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Write On

Posted 2/14/2007

Thanks for "The End of U" (Feature, Feb. 7). It was almost as satisfying as hearing the news of Stephen Dixon's retirement in person in his dark hallway on the north wing of Gilman Hall. I went back there frequently as a student of his, and for those first three years never knew he was famous. I was that clueless and he was just that humble, but this arrangement works well. It means that every now and then I find out that several thousand more people admire someone I know only as a friend. He will be missed.

Lionel Foster
Baltimore

The Colin Factor

Thank you, Russ Smith, for saying what I have said for years about Jesse "Pampers" Jackson and Al "Of No Use" Sharpton (Right Field, Feb. 7). How dare Joe Biden call them to apologize for telling the truth as white male political America sees it!

Now onto explaining why Barack Obama's rise to "celebrity" has to do more with the "Colin factor" than his qualifications to be president. Years ago my brother's white girlfriend and I discussed why white people love Colin Powell. She said it's as much about him looking "half-white" and making them feel comfortable as it is his intelligence and qualifications. I'm surprised how many friends have called during the recent governor's election laughing about finally seeing the Colin factor. Martin O'Malley didn't think we wouldn't notice how his running mate looked like Obama, and most of The Sun's candidate predictions had the Colin factor. Sorry, Hillary Clinton, but I don't see dolls in your future!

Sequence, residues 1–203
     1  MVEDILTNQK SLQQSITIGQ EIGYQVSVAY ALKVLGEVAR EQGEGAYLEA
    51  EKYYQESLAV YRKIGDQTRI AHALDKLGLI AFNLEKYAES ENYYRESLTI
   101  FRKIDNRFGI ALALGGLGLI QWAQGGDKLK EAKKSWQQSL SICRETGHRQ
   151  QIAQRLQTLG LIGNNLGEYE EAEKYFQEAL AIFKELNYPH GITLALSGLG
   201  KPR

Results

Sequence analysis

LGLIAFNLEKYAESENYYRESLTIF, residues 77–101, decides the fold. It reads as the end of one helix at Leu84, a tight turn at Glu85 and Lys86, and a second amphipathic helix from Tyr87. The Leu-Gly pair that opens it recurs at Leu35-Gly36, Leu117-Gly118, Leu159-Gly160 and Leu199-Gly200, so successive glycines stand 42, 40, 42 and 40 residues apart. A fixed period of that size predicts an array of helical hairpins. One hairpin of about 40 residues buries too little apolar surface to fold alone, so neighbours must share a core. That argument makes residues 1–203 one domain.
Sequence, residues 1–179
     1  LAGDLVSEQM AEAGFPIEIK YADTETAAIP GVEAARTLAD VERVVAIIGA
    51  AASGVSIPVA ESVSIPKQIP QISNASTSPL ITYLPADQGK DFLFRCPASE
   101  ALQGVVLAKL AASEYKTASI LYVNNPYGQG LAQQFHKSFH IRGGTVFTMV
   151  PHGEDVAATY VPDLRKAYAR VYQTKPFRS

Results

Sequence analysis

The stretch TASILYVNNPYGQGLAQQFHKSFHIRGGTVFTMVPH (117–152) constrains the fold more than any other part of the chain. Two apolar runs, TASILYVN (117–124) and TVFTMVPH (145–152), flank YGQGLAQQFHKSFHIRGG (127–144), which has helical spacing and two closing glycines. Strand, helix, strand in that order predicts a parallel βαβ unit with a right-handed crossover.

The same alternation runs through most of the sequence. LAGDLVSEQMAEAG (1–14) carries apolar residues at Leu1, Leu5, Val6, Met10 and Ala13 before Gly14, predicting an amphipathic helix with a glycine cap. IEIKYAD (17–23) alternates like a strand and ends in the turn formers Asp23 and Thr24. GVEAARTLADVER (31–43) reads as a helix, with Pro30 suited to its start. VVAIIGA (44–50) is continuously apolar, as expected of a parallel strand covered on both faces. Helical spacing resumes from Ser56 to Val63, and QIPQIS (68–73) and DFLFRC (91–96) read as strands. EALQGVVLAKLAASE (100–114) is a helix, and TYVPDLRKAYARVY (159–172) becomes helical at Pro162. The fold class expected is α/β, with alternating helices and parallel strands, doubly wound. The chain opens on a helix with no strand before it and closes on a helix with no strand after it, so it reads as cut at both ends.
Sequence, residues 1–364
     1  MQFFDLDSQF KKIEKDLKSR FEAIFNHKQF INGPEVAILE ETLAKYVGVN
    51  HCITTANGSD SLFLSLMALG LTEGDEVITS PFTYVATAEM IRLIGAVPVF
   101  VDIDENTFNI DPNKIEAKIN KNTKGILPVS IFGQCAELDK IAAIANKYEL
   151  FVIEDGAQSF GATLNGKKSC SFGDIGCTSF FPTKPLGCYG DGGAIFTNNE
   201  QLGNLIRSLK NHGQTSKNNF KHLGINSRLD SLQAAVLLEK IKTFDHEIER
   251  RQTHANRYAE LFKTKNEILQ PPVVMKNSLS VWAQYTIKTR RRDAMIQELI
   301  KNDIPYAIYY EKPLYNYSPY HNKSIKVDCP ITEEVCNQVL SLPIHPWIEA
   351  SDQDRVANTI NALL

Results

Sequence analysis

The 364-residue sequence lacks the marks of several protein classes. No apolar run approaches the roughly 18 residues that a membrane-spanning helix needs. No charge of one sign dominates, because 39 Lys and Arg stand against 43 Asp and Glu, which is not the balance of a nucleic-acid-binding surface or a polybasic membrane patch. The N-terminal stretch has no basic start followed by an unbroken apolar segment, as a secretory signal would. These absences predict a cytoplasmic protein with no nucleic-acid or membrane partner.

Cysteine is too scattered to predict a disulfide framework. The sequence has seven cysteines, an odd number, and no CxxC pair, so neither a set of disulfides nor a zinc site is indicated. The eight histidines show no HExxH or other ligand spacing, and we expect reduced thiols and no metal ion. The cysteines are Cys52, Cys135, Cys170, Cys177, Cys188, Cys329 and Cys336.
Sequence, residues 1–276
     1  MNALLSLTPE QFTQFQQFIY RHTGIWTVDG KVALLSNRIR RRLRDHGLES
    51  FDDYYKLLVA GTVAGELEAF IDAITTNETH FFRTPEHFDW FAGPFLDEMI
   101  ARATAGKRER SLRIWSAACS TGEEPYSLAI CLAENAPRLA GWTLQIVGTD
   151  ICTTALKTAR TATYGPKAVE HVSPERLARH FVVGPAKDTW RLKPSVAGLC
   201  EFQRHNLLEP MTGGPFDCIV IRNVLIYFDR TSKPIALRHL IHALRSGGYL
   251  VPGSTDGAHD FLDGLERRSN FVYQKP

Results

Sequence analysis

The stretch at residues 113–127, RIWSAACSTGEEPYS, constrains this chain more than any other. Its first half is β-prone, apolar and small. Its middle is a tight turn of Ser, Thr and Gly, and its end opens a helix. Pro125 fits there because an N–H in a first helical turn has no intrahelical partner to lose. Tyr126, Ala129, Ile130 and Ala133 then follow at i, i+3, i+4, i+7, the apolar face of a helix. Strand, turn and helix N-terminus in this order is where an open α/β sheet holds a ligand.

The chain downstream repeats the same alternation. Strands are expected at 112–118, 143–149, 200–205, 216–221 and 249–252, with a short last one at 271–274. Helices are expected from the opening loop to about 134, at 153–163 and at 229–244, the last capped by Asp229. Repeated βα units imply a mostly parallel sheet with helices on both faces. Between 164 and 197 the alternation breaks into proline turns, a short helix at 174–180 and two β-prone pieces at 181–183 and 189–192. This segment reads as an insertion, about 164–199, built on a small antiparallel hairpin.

I personally don't think loving Oprah Winfrey and trying to quit smoking qualifies Obama to be president, but if these are his only faults and he's not chasing interns and humiliating his family (or this country), then let the Colin factor carry on.

Sharon Wright
Baltimore

Smoke and Dagger

Please allow me to summarize the underlying argument smokers are using to continue with smoking in bars ("Kicking Against The Pricks [and Creeps]," The Mail, Jan. 31): "We were here first." Sound familiar? It should, especially to third-graders. No matter the sophistry used by smokers and those who stand to profit from their business, this simple statement highlights the elementary-school logic being used to continue the unwanted pulmonary assault on nonsmokers who wish to be social and/or earn a living wage at a bar.

Arguments of revenue loss have been proven false time and time again, not only in our own country but in various European countries as well. Consider the once permissible use of lead in paint and asbestos in insulation. Hindsight has shown us the detriment caused by these agents such that their use is no longer permitted in places of human habitation. As with smoking, these things were once thought harmless, but years of research have demonstrated that this is clearly not the case.

Arguments whining about the loss of a smoker's freedom to inflict their personal, repugnant habit and its health implications on bystanders only hearken back to the "I-was-here-first-so-my-point-is-correct" assertion. Sure, it sucks to have liberties taken away, but I will not sympathize with smokers who have nothing more to their argument than a child has on a dodge-ball court.

Sulk as you may, it is only matter of time before I, as a nonsmoker, will wake up after a night of socializing with friends and strangers that will not result in my hacking up a lung in the shower.

Nick Valentine
Baltimore

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